John Ellwood discusses the myeloma treatment he underwent following his diagnosis with myeloma. To find out more about myeloma treatment options, check out our exclusive interview and news piece.
Could you tell us about your diagnosis of myeloma?
In early 2011, I had a blood test in connection with another health issue, which proved not to be serious, but someone spotted an irregularity in my white cell counts. This resulted in a referral where I was diagnosed with smouldering myeloma. In 2012, the myeloma became active and it came with very severe back pains.
Can you give us an outline of the treatment you received?
I immediately received treatment for three compressed vertebrae in the form of a vertobroplasty. This reduced the discomfort and gradually improved my mobility. I was then put on a 3 month chemotherapy course of CDT (cyclophosphamide, dexamethasone and thalidomide) to reduce my paraprotein levels and get me ready for an autologous stem cell transplant. This gave me good remission for 2 years.
In October 2014, my paraprotein levels started to increase again and I suffered five further compression factors in my spine in May 2015. After a second vertobroplasty, I was put on a trial for carphilzomib (Kyprolis) for 6 months, this again brought the paraprotein levels down to zero, but unfortunately only for about 6 weeks. After a failed stem cell harvest aimed at a second autologous transplant, I was put on a new chemotherapy regime of lenilidomide, dexamethasone and ixazomib (Ninlaro) for 8 months. In November 2016, I received a donor stem cell transplant, using my brother’s cells. I have been in full remission ever since.
Could you give us some further details of your treatment with ixazomib?
The lenilidomide/ixazomib combination worked very well and I only suffered minimal side effects of fatigue and mood swings. I call ixazomib the ‘gift of time’, because it gives you that little bit extra time. The fact that it is also an oral medication is another advantage compared to other medications; where a lot of time during the week was taken going to hospital and waiting for infusions.
How would you like to see patient care and treatment options for those living with myeloma evolve over the coming years?
For me, the more treatment options available to consultants can only be beneficial for patients in the coming years. It seems no two myeloma patients are alike in their response to the various drugs available. While carphilzomib has worked well with many patients, it didn’t have a lasting effect on me, so having different treatment options was very helpful. I am very grateful for finance released by the Cancer Drugs Fund to make Ixazomib available to the NHS. The more options the better!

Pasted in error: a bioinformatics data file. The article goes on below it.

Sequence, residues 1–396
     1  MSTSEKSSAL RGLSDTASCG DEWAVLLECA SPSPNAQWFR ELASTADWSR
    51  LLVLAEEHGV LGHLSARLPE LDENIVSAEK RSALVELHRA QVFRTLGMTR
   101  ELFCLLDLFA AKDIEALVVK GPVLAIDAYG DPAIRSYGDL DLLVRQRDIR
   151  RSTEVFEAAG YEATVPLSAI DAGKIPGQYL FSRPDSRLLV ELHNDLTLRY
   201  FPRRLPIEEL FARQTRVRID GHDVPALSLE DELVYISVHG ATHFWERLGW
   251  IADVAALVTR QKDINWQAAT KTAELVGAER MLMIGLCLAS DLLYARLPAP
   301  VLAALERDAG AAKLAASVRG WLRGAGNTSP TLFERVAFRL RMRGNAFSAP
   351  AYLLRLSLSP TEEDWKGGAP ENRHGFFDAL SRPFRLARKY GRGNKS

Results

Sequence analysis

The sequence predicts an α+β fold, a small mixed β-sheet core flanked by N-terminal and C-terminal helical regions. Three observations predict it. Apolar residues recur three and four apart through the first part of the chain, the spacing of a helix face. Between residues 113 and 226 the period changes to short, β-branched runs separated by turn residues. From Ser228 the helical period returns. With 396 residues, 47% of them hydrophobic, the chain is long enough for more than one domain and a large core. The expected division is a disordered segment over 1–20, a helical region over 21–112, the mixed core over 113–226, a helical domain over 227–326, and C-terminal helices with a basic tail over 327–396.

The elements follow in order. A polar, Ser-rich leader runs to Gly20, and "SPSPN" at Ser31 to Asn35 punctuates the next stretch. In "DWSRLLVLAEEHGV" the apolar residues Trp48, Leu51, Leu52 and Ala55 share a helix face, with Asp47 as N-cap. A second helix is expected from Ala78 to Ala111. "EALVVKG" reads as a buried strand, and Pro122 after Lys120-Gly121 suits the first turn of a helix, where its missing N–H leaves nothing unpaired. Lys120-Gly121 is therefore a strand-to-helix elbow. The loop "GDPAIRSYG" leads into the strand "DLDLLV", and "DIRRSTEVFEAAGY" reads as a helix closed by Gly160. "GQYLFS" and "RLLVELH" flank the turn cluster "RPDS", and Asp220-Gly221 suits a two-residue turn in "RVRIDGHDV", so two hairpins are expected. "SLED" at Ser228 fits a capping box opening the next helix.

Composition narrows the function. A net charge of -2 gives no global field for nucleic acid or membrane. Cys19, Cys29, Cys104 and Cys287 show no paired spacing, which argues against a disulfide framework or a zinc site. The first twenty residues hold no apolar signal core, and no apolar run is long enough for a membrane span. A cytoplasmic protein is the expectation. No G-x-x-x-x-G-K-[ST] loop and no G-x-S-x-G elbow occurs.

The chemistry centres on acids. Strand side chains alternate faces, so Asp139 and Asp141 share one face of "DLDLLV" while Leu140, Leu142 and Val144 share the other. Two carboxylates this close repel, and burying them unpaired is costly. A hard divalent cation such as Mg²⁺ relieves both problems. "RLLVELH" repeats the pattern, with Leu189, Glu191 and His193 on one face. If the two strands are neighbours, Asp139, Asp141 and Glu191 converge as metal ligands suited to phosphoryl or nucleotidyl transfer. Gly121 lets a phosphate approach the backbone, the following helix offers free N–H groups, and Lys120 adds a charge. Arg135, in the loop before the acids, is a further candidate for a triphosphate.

One of the main challenges of living with myeloma is the psychological impact. In February 2011, at my initial diagnosis, I was correctly told that myeloma is a ‘sword of Damocles’ – it could fall at any time. That is true every time a patient is in remission; no one knows when the disease may return, be it next week or in many years’ time. Living with that reality and the uncertainty it brings will be handled by every patient in their own way, but the assistance of trained clinical psychologists could prove a helpful development.
Is it possible to ‘live well’ with myeloma? If so, how?
At my diagnosis I was told I should be able to enjoy a reasonable quality of life. During remission periods and even at times during treatment, I have found that to be true; although I realise that myeloma affects everyone differently.
For me, three things have proved crucial.
Firstly, having a really good support system in place has been invaluable. My family, friends and the staff at the Churchill have been everything I could ask for – concerned, available, caring and understanding. Having this network has been integral in making sure I haven’t gone ‘in on myself’, with friends going out their way to learn about the disease and Churchill staff offering excellent advice.
Secondly, stop viewing the interaction with myeloma as a fight and more as a journey. The metaphor reflects that while there are ‘battles’ to be fought along the way, there are opportunities to ‘admire the scenery’ as well. Be that an adjusted working life, more time with family and friends, the chance to reassess priorities and explore new opportunities. The unknown can be frightening, but it can open up new possibilities.
Thirdly, learning to ‘enjoy the moment’. When you are given a prognosis of this kind, time suddenly becomes hugely important. Myeloma patients, while in remission, often feel healthy and making the most of these moments becomes important. I have found myself slowing down and taking note of my surroundings; taking pleasure in the present instead of plunging headlong into the next activity. Keep well informed, occupied and establish a routine that works for you and stick to it– whatever works!